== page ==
Special to WorldTribune.com
A lease agreement allowing a Chinese company to manage an Israeli port where U.S. Navy ships dock could undermine U.S.-Israeli intelligence sharing, U.S. Secretary of State Mike Pompeo warned.
“Intelligence sharing might have to be reduced, co-location of security facilities might have to be reduced,” Pompeo said during a March 21 interview conducted in Jerusalem about Chinese investment. “We want to make sure that countries understand this and know these risks.”
U.S. national security adviser John Bolton said he raised concerns over China’s management of Haifa port in a recent meeting with Israeli Prime Minister Benjamin Netanyahu.
According to The Jerusalem Post, the U.S. Navy is considering changing its operations at the port once the Shanghai International Port Group (SIPG) – a firm which the Chinese government has high stakes in – officially takes over Haifa’s civilian port in 2021.
SIPG runs the largest port in the world in Shanghai and was the only bidder for a 2015 Haifa port deal which granted the company control for 25 years. In return, the company committed to invest $2 billion into the project and transform the port’s bay terminal into Israel’s largest harbor.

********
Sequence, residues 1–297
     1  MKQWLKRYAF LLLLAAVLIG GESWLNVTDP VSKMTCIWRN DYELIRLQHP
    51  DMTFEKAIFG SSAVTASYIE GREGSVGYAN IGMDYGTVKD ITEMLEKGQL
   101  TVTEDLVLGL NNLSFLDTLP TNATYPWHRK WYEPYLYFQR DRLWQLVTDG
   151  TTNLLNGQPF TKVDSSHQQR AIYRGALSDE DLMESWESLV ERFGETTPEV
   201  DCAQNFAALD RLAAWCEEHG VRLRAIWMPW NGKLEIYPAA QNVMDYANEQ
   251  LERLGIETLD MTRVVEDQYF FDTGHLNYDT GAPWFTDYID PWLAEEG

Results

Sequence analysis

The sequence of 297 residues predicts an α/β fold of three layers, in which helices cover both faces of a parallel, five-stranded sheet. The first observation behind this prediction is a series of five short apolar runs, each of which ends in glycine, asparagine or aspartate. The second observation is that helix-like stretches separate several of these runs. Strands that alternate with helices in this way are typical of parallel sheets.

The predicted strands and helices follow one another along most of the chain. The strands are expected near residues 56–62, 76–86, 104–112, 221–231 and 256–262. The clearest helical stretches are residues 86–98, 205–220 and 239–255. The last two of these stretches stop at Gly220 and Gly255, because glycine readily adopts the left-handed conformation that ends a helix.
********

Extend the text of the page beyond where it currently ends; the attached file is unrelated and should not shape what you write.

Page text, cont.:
“The Chinese port operators will be able to monitor closely U.S. ship movements, be aware of maintenance activity and could have access to equipment moving to and from repair sites and interact freely with our crews over protracted periods,” said retired admiral and ex-chief of U.S. naval operations Gary Roughead during a conference at the University of Haifa last year.
“Significantly, the information systems and new infrastructure integral to the ports and the likelihood of information and electronic surveillance systems jeopardize U.S. information and cybersecurity,” he added.
Israeli Transportation Minister Israel Katz, who helped launch the Haifa project, said “The State of Israel is dealing with all aspects connected to the establishment and management of infrastructure by foreign companies in Israel.”
According to China’s Ministry of Transport, a total of 52 ports in 34 countries are managed or were constructed by Chinese companies, and that number is set to grow as Beijing expands its program.